When Cameron first began talking, I would ask what story his teacher read, or what movie he saw and be met with a blank look..  he didn’t feel comfortable telling me that he didn’t know. However, if I asked if they had a good story for circle time, he’d answer yes or no. From there, I could prod for more information because I had him talking.
  6. Like all things, start slow.
    “How was your day?” is far too broad and confusing. Start with something like “did you do numbers today?” or “did you eat your lunch?”
    Yes or No questions are a great place to start and as I said, use words/phrases the child already knows. The less confused they are, the more likely they’ll talk. In time they’ll become accustomed to the questions and the type of information that you’re looking for. That’s when your child will start to catch on that “how was your day?” is just another way of asking all of those questions at once… but they have to work their way up to that point.

Don’t be discouraged if your child doesn’t understand you… they haven’t understood you for their entire lives, but they’re learning. This is no different. Also, it happens with all children, just maybe not to the same extent as a child with Autism.

You just have to keep all of these things in your mind, remember not to get frustrated when you don’t get an answer and to understand what may be going through your child’s mind.

Your child loves you and does want to tell you… they just need a little help from you.

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Sometimes I Think That Autistics Have It Right

When you boil down “Autism” to it’s core, by most definitions, it’s a lack of ability to communicate and socialize, usually derived by an inability to understand or “get” people. People with Autism have a hard time figuring out what it is that people mean by the things they say, they have a hard time knowing when a person wants to speak up or just listen or what their tone means.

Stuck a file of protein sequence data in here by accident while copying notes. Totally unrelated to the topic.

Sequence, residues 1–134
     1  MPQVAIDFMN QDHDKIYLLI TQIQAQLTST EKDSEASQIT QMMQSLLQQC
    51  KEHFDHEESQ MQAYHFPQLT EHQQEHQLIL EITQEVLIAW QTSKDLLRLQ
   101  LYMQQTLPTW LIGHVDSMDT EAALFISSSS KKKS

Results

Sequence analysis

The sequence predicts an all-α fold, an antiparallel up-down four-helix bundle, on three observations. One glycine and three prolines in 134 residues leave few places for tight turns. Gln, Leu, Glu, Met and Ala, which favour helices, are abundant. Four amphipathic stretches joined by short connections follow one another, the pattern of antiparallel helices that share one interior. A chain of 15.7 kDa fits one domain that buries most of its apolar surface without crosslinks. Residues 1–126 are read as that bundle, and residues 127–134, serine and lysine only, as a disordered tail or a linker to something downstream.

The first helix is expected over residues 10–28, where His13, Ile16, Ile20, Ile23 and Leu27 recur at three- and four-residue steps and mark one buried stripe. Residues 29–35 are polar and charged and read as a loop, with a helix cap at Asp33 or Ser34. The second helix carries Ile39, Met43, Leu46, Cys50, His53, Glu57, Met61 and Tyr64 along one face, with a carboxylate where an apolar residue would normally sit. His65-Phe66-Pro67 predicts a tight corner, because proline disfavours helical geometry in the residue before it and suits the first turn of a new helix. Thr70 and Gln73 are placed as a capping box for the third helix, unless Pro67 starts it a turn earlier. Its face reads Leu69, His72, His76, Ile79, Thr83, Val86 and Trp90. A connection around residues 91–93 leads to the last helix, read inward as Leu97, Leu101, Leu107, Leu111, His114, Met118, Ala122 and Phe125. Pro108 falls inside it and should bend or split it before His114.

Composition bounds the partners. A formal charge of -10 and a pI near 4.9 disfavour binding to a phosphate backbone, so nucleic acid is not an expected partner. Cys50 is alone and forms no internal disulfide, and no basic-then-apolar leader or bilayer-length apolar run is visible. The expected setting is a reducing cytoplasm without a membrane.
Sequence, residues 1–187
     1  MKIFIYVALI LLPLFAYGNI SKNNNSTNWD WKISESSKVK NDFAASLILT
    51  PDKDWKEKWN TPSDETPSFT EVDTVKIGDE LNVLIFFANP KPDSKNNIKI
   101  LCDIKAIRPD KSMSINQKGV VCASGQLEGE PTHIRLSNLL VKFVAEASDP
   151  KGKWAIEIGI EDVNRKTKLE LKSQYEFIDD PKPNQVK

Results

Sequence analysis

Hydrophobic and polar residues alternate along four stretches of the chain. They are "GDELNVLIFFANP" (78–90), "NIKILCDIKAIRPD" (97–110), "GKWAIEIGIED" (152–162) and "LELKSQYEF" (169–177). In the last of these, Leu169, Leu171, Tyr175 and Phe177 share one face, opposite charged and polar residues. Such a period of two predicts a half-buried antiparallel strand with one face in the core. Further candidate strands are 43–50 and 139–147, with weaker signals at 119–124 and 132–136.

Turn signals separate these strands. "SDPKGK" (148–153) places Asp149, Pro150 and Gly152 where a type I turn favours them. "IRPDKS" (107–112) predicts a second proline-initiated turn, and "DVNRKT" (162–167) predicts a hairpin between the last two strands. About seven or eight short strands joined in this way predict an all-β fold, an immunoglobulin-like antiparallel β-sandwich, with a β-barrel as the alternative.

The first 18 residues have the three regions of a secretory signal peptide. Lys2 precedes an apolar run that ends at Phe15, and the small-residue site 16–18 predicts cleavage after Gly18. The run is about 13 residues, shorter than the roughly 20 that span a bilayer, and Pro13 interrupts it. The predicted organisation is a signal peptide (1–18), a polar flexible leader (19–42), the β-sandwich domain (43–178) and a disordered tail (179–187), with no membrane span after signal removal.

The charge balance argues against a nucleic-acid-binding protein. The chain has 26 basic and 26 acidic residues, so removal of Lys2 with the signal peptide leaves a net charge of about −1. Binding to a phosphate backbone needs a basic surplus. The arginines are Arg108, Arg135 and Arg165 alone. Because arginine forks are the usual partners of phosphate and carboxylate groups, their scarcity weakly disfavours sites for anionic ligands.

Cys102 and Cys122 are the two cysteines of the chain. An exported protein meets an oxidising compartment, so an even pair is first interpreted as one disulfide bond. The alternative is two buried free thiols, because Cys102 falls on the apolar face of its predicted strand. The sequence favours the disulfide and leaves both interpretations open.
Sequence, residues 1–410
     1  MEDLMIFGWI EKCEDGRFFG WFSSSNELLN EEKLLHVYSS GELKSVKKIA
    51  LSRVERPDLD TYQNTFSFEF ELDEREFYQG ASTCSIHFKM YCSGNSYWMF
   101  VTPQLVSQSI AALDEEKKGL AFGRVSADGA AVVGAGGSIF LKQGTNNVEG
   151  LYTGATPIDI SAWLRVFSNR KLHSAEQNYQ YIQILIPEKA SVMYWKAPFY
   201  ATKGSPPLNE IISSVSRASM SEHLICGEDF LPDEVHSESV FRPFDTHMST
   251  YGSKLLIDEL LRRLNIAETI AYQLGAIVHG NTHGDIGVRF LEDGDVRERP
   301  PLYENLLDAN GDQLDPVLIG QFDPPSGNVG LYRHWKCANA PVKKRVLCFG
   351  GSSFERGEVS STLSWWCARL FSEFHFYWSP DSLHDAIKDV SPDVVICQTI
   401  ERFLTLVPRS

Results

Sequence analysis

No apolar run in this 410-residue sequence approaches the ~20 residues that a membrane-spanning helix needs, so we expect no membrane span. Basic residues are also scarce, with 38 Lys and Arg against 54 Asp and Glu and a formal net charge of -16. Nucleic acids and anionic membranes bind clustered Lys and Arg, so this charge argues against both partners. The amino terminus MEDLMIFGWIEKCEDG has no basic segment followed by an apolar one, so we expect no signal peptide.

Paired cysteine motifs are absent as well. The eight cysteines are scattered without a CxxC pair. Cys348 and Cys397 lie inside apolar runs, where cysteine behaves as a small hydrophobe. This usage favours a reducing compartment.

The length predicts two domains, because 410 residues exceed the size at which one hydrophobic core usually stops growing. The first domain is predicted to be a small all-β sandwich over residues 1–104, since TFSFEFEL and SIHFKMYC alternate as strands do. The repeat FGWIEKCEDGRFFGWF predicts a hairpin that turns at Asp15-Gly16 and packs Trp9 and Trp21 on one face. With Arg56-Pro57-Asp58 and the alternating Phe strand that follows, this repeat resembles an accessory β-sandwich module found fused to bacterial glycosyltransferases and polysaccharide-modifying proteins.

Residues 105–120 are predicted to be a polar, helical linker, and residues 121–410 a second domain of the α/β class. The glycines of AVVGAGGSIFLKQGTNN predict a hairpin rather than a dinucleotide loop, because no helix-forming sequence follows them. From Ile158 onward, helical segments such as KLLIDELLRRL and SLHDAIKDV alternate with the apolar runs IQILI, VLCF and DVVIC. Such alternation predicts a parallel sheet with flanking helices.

For the most part, we as a society think they’re the ones with the problem, they can’t figure out what we do… but when I think about society and all the greed, two faced, double talking, innuendo, plays on words and so on and so forth, maybe they’re confused for a very good reason.

When I stop and think about it, when I really sit down and think about what people around me are saying, very little of it makes any real sense. If my brain wasn’t working over time to understand the context, the slang, the double meanings and the hidden messages… it would all seem very bizarre to me.

We, as a people, have messed up our languages in so many ways, over using sarcasm and irony to a fault, throwing in double meanings into everything to sound witty or smart….  actually, when I think about it, perhaps all men have a touch of Autism because let’s face it, not one of us understands the ‘hints’ and ‘signs’ from women.

It gets worse… I have approximately 20 teenagers in my facebook friends list including family, babysitters and so forth and not one of them can spell very well, not one of them understands grammar at all and not one of them cares. Those teenagers will grow up to be adults that will speak very differently from how I speak. Do you think what they speak will be easier or more difficult for an Autistic person to understand?

What I’m trying to say is, maybe it’s not those with Autism that have the problem. Maybe it’s us. We’ve perverted our language so much that half of the time, we don’t even understand what it is we’re trying to say anymore. If the internet is any indication, we’re losing our basic skills and replacing them with faster, more convenient, lack of skills! How many times have you seen someone use ‘loose’ instead of ‘lose’? Or ‘there’ instead of ‘their’? There’s a million examples and it’s only getting worse.

If you know someone with Autism and they have a hard time understanding you, maybe it’s not them… maybe it’s you. Slow down, think clearly about the message you’re conveying. Chances are, if you think about it, it’s not the message you actually are telling.